NEET proteins belong to a highly conserved group of [2Fe–2S] proteins found across all kingdoms of life. Due to their unique [2Fe[sbnd]2S] cluster structure, they play a key role in the regulation of many different redox and oxidation processes. In eukaryotes, NEET proteins are localized to the mitochondria, endoplasmic reticulum (ER) and the mitochondrial-associated membranes connecting these organelles (MAM), and are involved in the control of multiple processes, ranging from autophagy and apoptosis to ferroptosis, oxidative stress, cell proliferation, redox control and iron and iron‑sulfur homeostasis. Through their different functions and interactions with key proteins such as VDAC and Bcl-2, NEET proteins coordinate different mitochondrial, MAM, ER and cytosolic processes and functions and regulate major signaling molecules such as calcium and reactive oxygen species. Owing to their central role in cells, NEET proteins are associated with numerous human maladies including cancer, metabolic diseases, diabetes, obesity, and neurodegenerative diseases. In recent years, a new and exciting role for NEET proteins was uncovered, i.e., the regulation of mitochondrial dynamics and morphology. This new role places NEET proteins at the forefront of studies into cancer and different metabolic diseases, both associated with the regulation of mitochondrial dynamics. Here we review recent studies focused on the evolution, biological role, and structure of NEET proteins, as well as discuss different studies conducted on NEET proteins function using transgenic organisms. We further discuss the different strategies used in the development of drugs that target NEET proteins, and link these with the different roles of NEET proteins in cells.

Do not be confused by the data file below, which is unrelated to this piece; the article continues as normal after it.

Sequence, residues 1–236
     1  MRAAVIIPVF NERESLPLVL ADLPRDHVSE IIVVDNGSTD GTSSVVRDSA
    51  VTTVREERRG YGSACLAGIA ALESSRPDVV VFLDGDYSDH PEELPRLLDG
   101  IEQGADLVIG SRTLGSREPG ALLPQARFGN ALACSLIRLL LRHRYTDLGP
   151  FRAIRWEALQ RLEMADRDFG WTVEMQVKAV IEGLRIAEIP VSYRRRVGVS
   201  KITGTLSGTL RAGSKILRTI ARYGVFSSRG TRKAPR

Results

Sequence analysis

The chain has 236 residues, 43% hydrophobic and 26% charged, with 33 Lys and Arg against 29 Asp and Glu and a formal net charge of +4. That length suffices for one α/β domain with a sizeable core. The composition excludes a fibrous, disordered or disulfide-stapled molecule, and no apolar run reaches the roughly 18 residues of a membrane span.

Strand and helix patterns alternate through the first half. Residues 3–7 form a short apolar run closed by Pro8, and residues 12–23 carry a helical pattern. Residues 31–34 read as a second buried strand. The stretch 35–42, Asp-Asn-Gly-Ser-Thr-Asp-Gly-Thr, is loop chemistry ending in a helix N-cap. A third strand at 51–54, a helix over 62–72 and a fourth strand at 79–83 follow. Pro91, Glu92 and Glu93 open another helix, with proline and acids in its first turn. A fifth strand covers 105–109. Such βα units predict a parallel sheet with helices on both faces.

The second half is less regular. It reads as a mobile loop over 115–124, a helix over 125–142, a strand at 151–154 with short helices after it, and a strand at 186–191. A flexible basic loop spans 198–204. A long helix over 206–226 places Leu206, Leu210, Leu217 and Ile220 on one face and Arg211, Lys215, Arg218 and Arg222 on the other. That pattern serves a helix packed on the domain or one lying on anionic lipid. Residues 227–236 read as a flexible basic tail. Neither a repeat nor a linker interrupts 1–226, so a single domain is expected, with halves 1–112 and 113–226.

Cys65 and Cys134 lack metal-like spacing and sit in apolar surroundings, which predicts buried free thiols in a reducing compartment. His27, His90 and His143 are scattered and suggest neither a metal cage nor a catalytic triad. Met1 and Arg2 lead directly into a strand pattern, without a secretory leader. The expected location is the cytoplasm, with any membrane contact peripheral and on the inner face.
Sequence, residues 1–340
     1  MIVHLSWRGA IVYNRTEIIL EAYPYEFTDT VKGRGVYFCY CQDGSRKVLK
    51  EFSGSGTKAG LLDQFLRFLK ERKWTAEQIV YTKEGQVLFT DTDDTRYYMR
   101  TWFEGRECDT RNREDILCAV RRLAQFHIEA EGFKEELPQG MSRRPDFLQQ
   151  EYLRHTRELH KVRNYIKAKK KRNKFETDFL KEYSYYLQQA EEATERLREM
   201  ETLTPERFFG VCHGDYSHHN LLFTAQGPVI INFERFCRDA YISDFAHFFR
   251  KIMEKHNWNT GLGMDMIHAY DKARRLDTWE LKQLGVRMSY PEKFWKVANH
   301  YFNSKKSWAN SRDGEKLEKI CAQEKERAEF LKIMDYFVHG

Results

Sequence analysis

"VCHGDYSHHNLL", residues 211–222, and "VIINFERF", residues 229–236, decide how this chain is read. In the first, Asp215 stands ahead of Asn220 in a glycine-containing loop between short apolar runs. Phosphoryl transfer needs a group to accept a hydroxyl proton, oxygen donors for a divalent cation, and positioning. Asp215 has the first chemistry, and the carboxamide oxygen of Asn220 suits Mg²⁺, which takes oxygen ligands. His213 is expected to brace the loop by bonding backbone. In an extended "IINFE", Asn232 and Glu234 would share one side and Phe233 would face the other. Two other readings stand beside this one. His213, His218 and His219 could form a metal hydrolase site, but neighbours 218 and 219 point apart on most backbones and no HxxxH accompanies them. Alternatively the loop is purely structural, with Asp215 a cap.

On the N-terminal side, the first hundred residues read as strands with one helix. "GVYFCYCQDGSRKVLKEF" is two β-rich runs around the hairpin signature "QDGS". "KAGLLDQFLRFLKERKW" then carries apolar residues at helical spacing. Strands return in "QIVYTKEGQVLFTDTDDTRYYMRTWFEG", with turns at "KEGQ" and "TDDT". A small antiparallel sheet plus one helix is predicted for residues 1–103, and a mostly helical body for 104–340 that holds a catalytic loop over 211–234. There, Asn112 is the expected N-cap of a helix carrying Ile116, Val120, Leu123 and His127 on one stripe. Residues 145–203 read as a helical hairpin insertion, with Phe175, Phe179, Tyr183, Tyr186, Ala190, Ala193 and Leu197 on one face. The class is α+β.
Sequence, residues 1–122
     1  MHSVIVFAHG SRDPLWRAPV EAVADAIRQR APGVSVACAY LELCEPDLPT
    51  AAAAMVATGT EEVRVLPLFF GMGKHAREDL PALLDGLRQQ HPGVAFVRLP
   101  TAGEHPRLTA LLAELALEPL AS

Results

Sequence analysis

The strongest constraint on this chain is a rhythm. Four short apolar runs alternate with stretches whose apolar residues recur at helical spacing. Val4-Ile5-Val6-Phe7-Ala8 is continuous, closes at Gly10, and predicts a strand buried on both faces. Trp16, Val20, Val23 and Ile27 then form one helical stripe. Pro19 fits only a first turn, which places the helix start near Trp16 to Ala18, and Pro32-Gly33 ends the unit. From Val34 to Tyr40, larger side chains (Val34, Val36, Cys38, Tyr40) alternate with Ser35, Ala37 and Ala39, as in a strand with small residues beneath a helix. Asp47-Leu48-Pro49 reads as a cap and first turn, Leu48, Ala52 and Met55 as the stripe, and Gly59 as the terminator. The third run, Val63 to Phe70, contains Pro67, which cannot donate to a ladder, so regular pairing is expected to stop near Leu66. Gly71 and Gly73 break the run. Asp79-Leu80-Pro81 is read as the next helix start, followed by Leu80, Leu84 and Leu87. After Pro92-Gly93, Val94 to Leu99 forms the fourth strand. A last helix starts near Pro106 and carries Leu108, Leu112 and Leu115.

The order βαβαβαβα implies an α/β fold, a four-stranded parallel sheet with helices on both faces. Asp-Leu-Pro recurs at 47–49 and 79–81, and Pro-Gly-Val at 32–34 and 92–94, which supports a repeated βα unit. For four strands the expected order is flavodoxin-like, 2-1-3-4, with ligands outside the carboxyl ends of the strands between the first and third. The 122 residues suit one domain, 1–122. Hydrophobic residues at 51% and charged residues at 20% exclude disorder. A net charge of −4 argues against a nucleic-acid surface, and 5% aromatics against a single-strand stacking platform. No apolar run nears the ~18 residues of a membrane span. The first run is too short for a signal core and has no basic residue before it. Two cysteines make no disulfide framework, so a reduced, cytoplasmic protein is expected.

|Biochimica et Biophysica Acta - Molecular Cell Research
|Published - Nov 2020
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